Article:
# Thread: Linear Algebra - Matrix transformations

1. ## Linear Algebra - Matrix transformations

https://gyazo.com/f818a9b812029166bf8c1972a40d8431

Hi, could you please give me some tips on how I can approach a, b and c.

Thank you mathhelpforum for all the help.

2. ## Re: Linear Algebra - Matrix transformations Originally Posted by MrJank Hi, could you please give me some tips on how I can approach a, b and c. You cannot expect us to do your work for you.
The set $[0,1]$ is not the set of numbers between zero & one, it is the set of numbers from zero to one.
The set $(0,1)$ is the set of numbers between zero & one.

You need to show us what you have tried as well as what you do not understand.

I will say that if you cannot do part a then you have not made effort to understand any of this.

3. ## Re: Linear Algebra - Matrix transformations

A lot of the time problems with understanding what a problem is asking is simply a matter of not having learned the basic definitions.

a) asks for a function that has domain {1, 2, 3}. Okay, what is the definition of "domain of a function"?

b) asks for a function that has codomain R and has image the interval [-1, 1] the set of numbers between -1 and 1 and -1 and 1 themselves (that is sometimes referred to as "the numbers between -1 and 1 inclusive"). Okay, what is the "codomain" of a function? What is the "image" of a function? Be careful that you understand the difference between the two!

c) asks for a function whose domain is Z (the set of integers) and whose codomain is $\displaystyle R^2$. Again, you need to look up the definitions of "domain" and "codomain" as well as being sure you understand what Z and $\displaystyle R^2$ are.

4. ## Re: Linear Algebra - Matrix transformations Originally Posted by HallsofIvy A lot of the time problems with understanding what a problem is asking is simply a matter of not having learned the basic definitions.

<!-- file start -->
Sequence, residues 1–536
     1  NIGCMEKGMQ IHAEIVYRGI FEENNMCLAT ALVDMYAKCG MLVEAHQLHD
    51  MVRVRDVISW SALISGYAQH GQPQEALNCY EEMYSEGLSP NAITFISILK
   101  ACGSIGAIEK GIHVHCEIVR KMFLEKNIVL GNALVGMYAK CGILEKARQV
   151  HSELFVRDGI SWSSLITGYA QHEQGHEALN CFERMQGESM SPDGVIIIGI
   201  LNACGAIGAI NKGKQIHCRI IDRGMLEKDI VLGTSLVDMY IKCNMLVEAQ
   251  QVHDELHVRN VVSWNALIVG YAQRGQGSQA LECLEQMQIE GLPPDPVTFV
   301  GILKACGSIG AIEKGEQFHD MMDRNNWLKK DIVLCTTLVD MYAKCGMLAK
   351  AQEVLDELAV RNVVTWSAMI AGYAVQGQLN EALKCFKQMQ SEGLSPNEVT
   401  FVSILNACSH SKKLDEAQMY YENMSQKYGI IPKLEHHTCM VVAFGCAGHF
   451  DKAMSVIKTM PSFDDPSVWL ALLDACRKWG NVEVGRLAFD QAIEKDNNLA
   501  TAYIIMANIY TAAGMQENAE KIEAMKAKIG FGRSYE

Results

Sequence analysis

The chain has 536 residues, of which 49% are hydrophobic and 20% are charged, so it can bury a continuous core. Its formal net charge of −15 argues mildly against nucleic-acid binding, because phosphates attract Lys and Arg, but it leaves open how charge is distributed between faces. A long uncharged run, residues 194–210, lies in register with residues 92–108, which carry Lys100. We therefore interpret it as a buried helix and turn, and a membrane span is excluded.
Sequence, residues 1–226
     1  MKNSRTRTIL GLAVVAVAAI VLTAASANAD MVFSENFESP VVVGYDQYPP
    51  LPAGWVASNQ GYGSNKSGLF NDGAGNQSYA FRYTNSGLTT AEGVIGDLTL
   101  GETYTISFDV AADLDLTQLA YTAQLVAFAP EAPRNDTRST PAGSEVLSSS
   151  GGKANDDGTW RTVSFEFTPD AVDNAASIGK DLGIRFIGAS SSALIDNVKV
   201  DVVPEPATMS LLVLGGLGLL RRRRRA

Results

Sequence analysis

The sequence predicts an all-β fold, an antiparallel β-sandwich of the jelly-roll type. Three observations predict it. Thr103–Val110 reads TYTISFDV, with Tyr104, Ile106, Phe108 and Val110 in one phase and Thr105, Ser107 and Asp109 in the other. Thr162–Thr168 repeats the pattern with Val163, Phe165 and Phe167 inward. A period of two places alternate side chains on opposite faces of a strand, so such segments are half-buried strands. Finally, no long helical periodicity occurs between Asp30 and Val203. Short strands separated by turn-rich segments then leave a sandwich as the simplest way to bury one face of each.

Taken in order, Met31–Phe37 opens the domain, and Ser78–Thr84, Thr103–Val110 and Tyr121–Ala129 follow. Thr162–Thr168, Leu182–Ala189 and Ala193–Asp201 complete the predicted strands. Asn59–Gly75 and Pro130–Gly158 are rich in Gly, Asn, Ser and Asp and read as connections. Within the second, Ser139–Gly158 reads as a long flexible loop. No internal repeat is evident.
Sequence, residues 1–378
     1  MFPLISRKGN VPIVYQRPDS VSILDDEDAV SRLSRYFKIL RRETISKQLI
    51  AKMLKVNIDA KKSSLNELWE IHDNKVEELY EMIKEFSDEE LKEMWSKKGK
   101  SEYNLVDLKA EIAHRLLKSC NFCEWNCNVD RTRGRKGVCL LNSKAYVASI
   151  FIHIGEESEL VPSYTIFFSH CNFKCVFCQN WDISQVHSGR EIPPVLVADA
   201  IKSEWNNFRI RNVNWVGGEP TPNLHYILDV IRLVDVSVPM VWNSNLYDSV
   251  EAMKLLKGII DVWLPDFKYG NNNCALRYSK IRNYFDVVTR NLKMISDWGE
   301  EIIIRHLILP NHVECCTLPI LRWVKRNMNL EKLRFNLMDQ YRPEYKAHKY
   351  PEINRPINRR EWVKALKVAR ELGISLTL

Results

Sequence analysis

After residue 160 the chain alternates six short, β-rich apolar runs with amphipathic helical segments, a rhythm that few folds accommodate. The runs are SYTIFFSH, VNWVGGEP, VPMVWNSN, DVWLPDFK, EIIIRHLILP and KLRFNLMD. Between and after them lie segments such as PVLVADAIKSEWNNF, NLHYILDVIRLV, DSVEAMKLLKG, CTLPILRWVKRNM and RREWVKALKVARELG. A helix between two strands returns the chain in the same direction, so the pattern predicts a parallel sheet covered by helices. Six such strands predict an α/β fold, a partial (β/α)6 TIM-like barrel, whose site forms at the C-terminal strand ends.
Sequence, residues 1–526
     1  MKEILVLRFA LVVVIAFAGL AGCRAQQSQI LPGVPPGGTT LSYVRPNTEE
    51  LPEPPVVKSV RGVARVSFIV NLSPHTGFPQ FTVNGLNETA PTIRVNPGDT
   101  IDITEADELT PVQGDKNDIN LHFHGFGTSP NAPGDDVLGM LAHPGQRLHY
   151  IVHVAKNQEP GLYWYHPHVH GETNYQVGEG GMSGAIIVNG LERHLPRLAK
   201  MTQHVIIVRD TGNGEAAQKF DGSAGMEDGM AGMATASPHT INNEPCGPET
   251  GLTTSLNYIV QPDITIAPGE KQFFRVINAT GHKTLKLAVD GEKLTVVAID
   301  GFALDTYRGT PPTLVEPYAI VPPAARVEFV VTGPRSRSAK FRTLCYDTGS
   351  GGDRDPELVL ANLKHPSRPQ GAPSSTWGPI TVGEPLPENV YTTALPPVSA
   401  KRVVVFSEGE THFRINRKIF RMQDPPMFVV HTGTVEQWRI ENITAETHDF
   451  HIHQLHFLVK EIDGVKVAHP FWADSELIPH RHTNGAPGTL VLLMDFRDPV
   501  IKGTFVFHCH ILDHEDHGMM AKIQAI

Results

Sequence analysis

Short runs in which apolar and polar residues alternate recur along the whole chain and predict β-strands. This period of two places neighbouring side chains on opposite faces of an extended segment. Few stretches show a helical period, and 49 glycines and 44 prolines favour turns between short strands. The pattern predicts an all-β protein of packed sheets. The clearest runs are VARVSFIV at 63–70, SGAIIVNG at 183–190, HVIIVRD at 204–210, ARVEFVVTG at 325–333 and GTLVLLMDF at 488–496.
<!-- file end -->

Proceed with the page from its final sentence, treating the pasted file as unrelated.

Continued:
a) asks for a function that has domain {1, 2, 3}. Okay, what is the definition of "domain of a function"?

b) asks for a function that has codomain R and has image the interval [-1, 1] the set of numbers between -1 and 1 and -1 and 1 themselves (that is sometimes referred to as "the numbers between -1 and 1 inclusive"). Okay, what is the "codomain" of a function? What is the "image" of a function? Be careful that you understand the difference between the two!

c) asks for a function whose domain is Z (the set of integers) and whose codomain is $\displaystyle R^2$. Again, you need to look up the definitions of "domain" and "codomain" as well as being sure you understand what Z and $\displaystyle R^2$ are.
As I understand it, the domain of a function is the set of possible values that can be "fed" into the function. For (a), it is asking for an example of a function with the domain being the set {1,2,3}. Am I just supposed to come up with a function that can take the elements in this domain?

So,
f: {1,2,3} --> R^2, Defined by f(a) = [a 2a]

Is that valid?

5. ## Re: Linear Algebra - Matrix transformations Originally Posted by MrJank As I understand it, the domain of a function is the set of possible values that can be "fed" into the function. For (a), it is asking for an example of a function with the domain being the set {1,2,3}. Am I just supposed to come up with a function that can take the elements in this domain? In that case, would f(x) = x^2 be a valid answer?
Yes that is a function. I suspect the author expect a listing of the function.
In your example: $\{(1,1),~(2,4),~(3,9)\}$ .

6. ## Re: Linear Algebra - Matrix transformations Originally Posted by Plato Yes that is a function. I suspect the author expect a listing of the function.
In your example: $\{(1,1),~(2,4),~(3,9)\}$ .
Sorry I updated my function, is this still valid?

f: {1,2,3} --> R^2, Defined by f(a) = [a 2a] (supposed to be a 2x1 vector)

Is that valid?

And when you say listing, that will also be the codomain?

7. ## Re: Linear Algebra - Matrix transformations

A function, from set A to set B is a set of ordered pairs {(a, b)} where a is a member of set A and b is a member of set B. In the case that the relation is given by a formula, y= f(x), that set of ordered pairs can be written {(a, f(a)} where a is, again, a member of the domain. For your example, f(a)= [a 2a] that set of ordered pairs would be {(1, [1 2]), (2, [2, 4]), (3, [3 9])}. Yes, that is a function from {1, 2, 3} to R2.

No, that listing is NOT the "codomain". In this case the codomain is given as R2. The image is the set {[1 2], [2 4], [3 9]} of y- values.